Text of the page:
Next comes a list of the important liturgical feasts to be observed during January. At the bottom center is Aquarius, the Water Carrier, the main zodiacal sign for the month. Finally, the borders illustrate some of January's major feasts, including, at top left, the Circumcision (feast on January 1).
I'd like to start a new tradition here at S.t.B. of posting one or more "calendar pages" from a medieval book of hours at the beginning of each new month.
Such pages often had three parts: an illustration of an activity common in that month; a list of the month's feast days; and its astrological sign.
The first October page (f. 11r) for today has all three of these components. It comes from Les Belles Heures of the Duc de Berry, illuminated by the Limbourg brothers in about 1405.
- At the top, a bearded man holds up his apron to form a pouch holding seed, which he sows with the other. He is flanked by a large sack of seed and a tiny harrow, the tool used to create furrows in the earth.
- The list of feast days for October appears in the middle of the page.
- At the bottom is a scorpion, the astrological sign for the later part of October.
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The next October page comes from the renowned Tres Riches Heures, made in about 1418, mostly by the Limbourg Brothers. The more sumptuous Tres Riches Heures uses a two-page format for each month, with astrological signs and activities on one page and the list of feast days on another.
This page shows the two former components:
- At the top are Libra and Scorpio, the two astrological signs for October.
- Next come the main activities for this month, the tilling and sowing of seed. In the background is the Louvre, at that time Charles V's royal palace in Paris (now a world-famous museum).
The early pages of a Book of Hours will usually contain a multi-page calendar of the year's feastdays. In an elaborate book, the calendar for each month will begin with an illustration of activities typical of that month and, oddly, the month's astrological sign.
Activities for August usually have to do with the harvest -- harvesting the wheat, binding the sheaves, and threshing. Swimming and falconry are other possibilities. The zodiacal sign for August is the Virgin, Virgo.
Here are the August illustrations from four different Books of Hours:
August, c. 1405, from Les Belles Heures du Duc de Berry, illuminated by the Limbourg brothers;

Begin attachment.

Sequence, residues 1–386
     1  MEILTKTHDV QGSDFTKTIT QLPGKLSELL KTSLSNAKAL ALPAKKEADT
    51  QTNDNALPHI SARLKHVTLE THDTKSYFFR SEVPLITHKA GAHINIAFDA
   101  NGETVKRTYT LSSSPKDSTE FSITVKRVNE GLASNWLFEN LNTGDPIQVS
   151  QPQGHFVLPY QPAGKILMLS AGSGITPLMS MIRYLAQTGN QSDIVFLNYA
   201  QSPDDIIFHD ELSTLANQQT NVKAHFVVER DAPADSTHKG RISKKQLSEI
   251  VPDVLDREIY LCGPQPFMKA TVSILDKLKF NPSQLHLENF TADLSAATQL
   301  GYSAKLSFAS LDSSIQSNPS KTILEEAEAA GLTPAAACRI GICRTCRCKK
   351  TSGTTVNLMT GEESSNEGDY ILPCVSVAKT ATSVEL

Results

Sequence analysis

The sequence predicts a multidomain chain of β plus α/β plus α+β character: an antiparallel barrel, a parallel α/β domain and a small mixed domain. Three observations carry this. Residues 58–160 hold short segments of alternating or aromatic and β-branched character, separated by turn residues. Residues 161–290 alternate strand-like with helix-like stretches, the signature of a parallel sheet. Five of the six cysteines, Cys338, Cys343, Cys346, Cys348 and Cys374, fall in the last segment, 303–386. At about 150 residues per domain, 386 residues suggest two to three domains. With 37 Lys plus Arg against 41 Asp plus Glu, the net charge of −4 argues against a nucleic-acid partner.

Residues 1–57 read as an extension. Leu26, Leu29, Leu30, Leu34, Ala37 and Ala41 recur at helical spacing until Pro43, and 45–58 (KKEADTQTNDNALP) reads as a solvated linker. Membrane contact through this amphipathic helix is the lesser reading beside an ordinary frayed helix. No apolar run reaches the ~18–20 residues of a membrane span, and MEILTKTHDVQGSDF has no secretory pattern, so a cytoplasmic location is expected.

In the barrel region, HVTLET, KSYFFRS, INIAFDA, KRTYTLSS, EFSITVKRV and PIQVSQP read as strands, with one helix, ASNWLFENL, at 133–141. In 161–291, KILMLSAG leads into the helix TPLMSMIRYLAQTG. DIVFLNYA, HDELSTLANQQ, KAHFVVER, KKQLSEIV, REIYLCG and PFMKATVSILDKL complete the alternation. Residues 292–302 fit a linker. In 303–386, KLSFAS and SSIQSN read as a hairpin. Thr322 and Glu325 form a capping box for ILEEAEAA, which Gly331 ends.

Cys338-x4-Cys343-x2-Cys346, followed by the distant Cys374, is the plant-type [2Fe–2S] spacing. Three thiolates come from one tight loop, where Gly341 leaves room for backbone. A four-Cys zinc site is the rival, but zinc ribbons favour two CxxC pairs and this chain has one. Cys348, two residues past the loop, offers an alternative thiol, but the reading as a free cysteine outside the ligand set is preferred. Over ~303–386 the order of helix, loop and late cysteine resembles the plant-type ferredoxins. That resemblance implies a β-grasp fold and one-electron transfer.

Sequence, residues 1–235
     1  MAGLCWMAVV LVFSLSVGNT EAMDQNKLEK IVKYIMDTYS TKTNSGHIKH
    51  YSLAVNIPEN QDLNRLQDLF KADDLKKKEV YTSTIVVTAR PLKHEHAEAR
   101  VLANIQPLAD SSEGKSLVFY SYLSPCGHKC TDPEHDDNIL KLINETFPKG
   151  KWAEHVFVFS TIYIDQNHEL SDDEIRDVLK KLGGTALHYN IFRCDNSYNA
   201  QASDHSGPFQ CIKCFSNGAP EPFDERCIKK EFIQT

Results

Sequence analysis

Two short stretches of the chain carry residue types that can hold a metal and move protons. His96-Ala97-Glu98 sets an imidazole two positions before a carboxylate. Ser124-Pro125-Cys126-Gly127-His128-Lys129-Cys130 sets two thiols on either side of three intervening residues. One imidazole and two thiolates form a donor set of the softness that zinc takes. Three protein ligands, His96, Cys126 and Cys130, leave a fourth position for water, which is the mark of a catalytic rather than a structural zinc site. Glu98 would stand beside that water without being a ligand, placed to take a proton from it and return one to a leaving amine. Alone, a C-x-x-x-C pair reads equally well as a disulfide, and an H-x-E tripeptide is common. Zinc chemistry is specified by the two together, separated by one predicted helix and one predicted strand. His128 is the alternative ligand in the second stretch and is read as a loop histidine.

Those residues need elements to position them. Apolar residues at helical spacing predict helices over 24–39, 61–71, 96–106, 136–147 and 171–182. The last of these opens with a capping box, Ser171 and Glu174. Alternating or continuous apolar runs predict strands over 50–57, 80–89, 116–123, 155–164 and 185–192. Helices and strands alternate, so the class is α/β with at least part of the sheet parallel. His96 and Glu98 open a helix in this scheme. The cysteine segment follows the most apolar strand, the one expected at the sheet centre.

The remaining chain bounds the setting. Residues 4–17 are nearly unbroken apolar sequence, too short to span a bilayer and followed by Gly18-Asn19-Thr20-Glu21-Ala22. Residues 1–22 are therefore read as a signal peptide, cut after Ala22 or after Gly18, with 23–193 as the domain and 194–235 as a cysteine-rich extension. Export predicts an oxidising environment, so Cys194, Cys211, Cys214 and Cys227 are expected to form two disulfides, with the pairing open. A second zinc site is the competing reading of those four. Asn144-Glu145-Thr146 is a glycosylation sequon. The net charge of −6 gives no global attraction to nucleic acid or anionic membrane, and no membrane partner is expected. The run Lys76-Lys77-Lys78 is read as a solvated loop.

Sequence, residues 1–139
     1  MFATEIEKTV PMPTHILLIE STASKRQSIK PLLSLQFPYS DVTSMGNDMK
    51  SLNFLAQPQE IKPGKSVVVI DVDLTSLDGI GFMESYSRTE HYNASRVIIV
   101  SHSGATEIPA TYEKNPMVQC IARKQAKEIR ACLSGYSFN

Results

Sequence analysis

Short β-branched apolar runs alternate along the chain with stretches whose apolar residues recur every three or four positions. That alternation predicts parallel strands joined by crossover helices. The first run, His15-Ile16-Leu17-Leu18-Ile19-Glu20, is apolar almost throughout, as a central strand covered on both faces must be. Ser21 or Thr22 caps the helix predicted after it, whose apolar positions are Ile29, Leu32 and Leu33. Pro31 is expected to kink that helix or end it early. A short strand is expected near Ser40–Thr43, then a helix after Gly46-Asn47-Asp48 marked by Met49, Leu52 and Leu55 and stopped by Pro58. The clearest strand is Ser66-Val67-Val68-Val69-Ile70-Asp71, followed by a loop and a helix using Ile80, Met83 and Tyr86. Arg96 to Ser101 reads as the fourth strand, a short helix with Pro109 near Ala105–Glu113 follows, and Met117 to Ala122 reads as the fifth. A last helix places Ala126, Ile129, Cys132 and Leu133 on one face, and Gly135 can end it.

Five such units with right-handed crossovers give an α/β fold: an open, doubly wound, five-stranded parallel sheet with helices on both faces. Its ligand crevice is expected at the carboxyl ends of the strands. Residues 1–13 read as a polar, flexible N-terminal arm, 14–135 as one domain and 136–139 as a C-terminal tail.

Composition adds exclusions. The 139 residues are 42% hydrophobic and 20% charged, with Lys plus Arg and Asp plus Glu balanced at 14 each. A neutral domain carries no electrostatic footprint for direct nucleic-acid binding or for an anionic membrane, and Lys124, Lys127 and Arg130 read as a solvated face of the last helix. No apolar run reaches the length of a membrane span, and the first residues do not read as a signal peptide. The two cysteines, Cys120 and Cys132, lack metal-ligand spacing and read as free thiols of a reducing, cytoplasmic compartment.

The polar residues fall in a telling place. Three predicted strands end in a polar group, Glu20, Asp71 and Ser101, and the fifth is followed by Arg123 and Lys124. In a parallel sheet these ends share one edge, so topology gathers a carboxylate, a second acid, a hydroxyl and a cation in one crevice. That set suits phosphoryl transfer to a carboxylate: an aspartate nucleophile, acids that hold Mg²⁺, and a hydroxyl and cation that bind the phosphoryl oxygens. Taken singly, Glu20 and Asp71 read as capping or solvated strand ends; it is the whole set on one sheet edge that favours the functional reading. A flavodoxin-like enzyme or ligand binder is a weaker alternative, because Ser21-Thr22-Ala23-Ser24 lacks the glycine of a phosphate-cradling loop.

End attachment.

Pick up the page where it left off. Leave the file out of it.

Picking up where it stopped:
August, c. 1412, from the Tres Riches Heures, by the Limbourg brothers;
August, c. 1500, from the Hours of Henry VIII, illuminated by Jean Poyer;
August, c. 1515, from the Da Costa Hours, illuminated by Simon Bening.
The Belles Heures of Jean, Duke of Berry, have twelve leaves setting out the yearly calendar at the very beginning of the manuscript. You can read a little about them here and see them all, one by one, here:
January: Youth and Old Age, Aquarius (f. 2r) February: Man Warming his Hands, Pisces (f. 3r) March: Cultivating Vines, Aries (f. 4r) April: Courtier Smelling a Flower, Taurus (f. 5r)
May: Falconing, Gemini (f. 6r) June: Scything Hay, Cancer (f. 7r) July: Harvesting Wheat, Leo (f. 8r) August: Threshing Wheat, Virgo (f. 9r)
September: Treading Grapes, Libra (f. 10r) October: Sowing, Scorpio (f. 11r) November: Feeding Pigs, Sagittarius (f. 12r) December: Slaughtering a Boar, Capricorn (f. 13r)
Portions of several excellent illuminated manuscripts are presented, among them the Breviary of Martin of Aragon, illuminated in 15th century Spain.
Here are the illustrations that accompany the first six months of the liturgical calendar in that Breviary. Each has three parts: St. Paul (as the Church personified); the relevant sign of the zodiac; and two figures, one from the Old Testament and one from the New.
January, f. 2v - Conversion of Saint Paul; Aquarius; Saint Peter and the prophet Jeremiah
February, f. 3v - Saint Paul addressing the Romans; Pisces; Saint John the Evangelist and King David
March, f. 4v - Saint Paul addressing the Corinthians; Aries; Saint James the Great and the prophet Isaiah
April, f. 5v - Saint Paul addressing the Galatians; Taurus; Saint Andrew and the prophet Daniel
May, f. 6v - Saint Paul addressing the Ephesians; Gemini; Saint Philip and the prophet Hosea
June, f. 7v - Saint Paul addressing the Philippians; Cancer; Saint Thomas and the prophet Zephaniah